“All of these charges were very well-publicized before the indictment,” Lewis said. “The electorate saw fit to re-elect (Eversole). He is eager to illustrate his innocence and recognize that those voters’ confidence in him is well placed.”

Well, he was unopposed. And in the environment we just experienced, in the most Republican-friendly precinct in the county, he’d have beaten anyone who had opposed him by at least 30 points. So I don’t know that I’d draw too much of an inference from that.

Happy talk about Texas employment

2010 was a better year for employment in Texas than 2009 was.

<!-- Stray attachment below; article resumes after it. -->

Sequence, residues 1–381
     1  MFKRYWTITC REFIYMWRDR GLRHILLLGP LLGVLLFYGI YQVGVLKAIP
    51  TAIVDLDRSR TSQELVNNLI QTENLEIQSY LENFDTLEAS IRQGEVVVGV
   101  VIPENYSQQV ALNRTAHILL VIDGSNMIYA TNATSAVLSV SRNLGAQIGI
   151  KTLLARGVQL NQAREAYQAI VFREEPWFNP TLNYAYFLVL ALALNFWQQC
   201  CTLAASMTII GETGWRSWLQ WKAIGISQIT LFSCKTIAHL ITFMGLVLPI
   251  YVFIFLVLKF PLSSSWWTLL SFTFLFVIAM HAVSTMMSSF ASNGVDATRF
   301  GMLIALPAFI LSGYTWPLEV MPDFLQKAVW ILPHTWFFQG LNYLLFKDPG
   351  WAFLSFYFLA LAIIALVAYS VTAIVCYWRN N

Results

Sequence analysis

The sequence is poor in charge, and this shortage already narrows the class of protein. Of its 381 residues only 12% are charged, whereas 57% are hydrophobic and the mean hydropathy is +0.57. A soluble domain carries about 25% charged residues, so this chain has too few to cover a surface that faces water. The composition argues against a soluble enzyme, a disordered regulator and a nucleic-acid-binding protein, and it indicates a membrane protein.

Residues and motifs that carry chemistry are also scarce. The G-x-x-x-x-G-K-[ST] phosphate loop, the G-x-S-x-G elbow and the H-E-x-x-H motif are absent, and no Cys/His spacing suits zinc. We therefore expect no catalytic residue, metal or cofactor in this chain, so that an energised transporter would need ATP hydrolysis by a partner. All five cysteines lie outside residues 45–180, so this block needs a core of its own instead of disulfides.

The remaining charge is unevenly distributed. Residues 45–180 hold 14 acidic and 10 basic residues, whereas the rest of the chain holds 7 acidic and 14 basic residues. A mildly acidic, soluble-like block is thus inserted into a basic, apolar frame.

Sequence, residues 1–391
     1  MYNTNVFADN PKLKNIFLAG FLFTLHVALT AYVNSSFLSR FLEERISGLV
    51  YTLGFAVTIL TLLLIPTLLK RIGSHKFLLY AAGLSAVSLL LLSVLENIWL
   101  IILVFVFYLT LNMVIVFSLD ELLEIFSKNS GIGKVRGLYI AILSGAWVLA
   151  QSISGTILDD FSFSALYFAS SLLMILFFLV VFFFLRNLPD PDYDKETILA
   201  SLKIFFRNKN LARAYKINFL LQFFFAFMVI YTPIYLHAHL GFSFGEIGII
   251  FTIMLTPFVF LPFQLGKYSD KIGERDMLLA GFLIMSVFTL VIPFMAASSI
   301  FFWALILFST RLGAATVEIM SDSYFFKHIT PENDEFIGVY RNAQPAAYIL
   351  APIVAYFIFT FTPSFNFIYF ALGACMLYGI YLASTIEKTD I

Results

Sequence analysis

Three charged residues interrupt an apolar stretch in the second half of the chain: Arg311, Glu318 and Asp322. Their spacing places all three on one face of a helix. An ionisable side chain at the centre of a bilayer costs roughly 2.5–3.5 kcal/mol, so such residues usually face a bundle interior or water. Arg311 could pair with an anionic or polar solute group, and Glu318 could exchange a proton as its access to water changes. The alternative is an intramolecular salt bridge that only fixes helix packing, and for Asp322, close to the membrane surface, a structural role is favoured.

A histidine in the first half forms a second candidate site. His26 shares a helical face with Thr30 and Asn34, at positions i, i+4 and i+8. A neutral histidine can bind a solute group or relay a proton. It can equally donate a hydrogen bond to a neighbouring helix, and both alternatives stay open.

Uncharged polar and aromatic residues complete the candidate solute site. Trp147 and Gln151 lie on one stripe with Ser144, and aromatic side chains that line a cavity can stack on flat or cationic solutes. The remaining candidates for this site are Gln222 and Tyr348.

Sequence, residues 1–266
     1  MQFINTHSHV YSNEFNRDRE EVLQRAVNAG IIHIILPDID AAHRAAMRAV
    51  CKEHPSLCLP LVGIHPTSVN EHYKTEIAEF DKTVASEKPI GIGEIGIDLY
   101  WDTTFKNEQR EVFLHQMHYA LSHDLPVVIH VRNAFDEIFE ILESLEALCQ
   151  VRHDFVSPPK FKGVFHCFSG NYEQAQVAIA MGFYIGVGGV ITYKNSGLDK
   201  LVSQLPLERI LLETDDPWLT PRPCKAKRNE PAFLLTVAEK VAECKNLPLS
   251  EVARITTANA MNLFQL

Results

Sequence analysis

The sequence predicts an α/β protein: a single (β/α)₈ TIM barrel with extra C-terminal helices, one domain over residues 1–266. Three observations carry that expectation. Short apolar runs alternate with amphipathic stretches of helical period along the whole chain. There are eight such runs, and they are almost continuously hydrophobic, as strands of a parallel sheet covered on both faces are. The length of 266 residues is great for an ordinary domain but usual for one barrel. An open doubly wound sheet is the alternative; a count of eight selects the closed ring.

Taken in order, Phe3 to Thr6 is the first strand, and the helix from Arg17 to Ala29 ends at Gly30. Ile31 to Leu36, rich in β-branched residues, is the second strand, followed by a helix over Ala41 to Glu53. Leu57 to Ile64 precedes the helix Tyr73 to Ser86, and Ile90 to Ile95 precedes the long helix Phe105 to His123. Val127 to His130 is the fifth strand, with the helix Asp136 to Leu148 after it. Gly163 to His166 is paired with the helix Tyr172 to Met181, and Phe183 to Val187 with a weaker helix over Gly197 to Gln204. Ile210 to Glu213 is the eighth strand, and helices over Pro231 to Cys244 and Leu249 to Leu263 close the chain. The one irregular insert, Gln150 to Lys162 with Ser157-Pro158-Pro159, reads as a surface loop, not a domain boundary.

Texas employers expanded payrolls by 20,000 jobs in December, the third straight month the state has gained jobs, according to data released Friday by the Texas Workforce Commission.

The state gained in most major employment sectors, led by construction, with 8,700 jobs.

“It’s a very positive picture on job growth,” said Mine Yucel, an economist with the Federal Reserve Bank of Dallas.

The state unemployment rate edged up to 8.3 percent from 8.2 percent in November and 8.1 percent in October. But even that may be a sign of recovery, Yucel said.

To be counted as unemployed, a person without a job must be seeking work. As employers add jobs, some people who had given up looking for work are apt to start trying to find a job again.

“It means people are seeing more jobs out there, and they’re coming back into the labor market,” Yucel said, referring to the rise in the unemployment rate. “As the economy grows, we expect that rate to come down.”

[…]

During 2010 as a whole, Texas payrolls expanded by 230,800 jobs after shrinking by more than 350,000 in 2009.

[…]